Open Budget Survey 2019 :
Equatorial Guinea

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Contents
Transparency:
5
/100
(Open Budget Index score)
Public Participation:
0
/100
Budget Oversight:
22
/100

Government budget decisions – what taxes to levy, what services to provide, and how much debt to take on – affect how equal a society is and the well-being of its people, including whether the most disadvantaged will have real opportunities for a better life. It is critical that governments inform and engage the public on these vital decisions that impact their lives.

The Open Budget Survey (OBS) is the world’s only independent, comparative and fact-based research instrument that uses internationally accepted criteria to assess public access to central government budget information; formal opportunities for the public to participate in the national budget process; and the role of budget oversight institutions such as the legislature and auditor in the budget process.

The survey helps local civil society assess and confer with their government on the reporting and use of public funds. This 7th edition of the OBS covers 117 countries.

Transparency

This part of the OBS measures public access to information on how the central government raises and spends public resources. It assesses the online availability, timeliness, and comprehensiveness of eight key budget documents using 109 equally weighted indicators and scores each country on a scale of 0 to 100. A transparency score of 61 or above indicates a country is likely publishing enough material to support informed public debate on the budget.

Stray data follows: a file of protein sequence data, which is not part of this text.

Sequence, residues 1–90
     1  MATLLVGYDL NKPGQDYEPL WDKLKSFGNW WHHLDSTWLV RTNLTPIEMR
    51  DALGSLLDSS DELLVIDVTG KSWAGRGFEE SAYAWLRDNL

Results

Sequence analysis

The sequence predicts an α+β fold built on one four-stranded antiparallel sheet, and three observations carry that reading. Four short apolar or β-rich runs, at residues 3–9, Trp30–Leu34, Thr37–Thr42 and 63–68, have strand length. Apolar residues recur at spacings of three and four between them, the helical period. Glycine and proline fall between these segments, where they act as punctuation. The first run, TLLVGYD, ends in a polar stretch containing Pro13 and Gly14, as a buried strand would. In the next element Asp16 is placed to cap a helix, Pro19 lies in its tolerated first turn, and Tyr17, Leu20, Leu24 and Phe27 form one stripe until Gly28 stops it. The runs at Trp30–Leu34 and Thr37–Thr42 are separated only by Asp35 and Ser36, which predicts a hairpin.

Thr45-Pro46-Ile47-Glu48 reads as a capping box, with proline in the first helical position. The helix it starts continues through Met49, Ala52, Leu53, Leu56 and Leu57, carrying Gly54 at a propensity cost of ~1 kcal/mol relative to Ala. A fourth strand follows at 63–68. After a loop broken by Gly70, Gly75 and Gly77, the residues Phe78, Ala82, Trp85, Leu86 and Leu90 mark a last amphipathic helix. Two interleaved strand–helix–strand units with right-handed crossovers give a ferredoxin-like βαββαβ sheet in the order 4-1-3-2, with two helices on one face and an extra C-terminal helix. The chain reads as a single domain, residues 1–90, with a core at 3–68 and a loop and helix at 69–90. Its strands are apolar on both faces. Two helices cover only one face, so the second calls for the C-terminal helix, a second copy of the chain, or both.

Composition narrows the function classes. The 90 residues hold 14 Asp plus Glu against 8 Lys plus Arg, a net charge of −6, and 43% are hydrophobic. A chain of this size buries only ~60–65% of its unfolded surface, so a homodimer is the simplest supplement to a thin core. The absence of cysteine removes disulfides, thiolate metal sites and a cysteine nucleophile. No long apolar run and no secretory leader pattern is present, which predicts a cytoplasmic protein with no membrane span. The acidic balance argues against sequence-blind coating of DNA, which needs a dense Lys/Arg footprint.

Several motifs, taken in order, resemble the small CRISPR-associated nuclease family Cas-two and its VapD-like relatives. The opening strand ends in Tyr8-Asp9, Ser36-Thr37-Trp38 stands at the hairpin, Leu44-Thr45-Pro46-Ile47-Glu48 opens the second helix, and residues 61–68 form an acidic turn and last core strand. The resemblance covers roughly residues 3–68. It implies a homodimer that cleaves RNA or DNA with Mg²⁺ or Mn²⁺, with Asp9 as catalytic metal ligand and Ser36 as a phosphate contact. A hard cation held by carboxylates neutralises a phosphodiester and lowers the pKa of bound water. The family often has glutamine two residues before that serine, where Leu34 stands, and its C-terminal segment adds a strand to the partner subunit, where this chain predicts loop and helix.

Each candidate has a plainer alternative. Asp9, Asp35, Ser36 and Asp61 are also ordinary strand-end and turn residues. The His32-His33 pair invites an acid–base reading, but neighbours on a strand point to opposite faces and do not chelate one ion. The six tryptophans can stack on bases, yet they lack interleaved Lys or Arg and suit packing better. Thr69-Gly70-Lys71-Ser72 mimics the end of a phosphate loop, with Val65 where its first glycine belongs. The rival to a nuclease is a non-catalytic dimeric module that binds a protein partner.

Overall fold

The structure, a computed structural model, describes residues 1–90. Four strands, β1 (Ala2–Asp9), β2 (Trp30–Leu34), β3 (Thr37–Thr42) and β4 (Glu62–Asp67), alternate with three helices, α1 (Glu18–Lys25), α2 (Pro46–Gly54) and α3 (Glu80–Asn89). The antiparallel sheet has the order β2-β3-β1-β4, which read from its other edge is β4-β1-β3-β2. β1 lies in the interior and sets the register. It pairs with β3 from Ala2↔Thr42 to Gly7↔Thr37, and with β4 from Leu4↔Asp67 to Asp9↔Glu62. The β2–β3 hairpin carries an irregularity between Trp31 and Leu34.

Equatorial Guinea has a transparency score of 5 (out of 100).

Transparency in Equatorial Guinea compared to others

Global Average
45
Ghana
54
Angola
36
Cameroon
28
São Tomé e Príncipe
24
Nigeria
21
Equatorial Guinea
5
0
Insufficient
61
Sufficient
100

Equatorial Guinea’s ranking: 109 of 117 countries

0
100

How has the transparency score for Equatorial Guinea changed over time?

0
2010
0
2012
4
2015
0
2017
5
2019
0
Insufficient
61
Sufficient
100

Public availability of budget documents in Equatorial Guinea

Available to the Public
Published Late, or Not Published Online, or Produced for Internal Use Only
Not Produced
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Document 2010 2012 2015 2017 2019
Pre-Budget Statement
Executive’s Budget Proposal
Enacted Budget